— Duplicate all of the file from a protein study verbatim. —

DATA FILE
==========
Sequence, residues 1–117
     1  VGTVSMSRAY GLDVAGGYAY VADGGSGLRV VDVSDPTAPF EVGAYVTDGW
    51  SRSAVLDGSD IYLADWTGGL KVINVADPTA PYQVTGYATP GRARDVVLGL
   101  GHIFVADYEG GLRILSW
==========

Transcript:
Sequence, residues 1–117
     1  VGTVSMSRAY GLDVAGGYAY VADGGSGLRV VDVSDPTAPF EVGAYVTDGW
    51  SRSAVLDGSD IYLADWTGGL KVINVADPTA PYQVTGYATP GRARDVVLGL
   101  GHIFVADYEG GLRILSW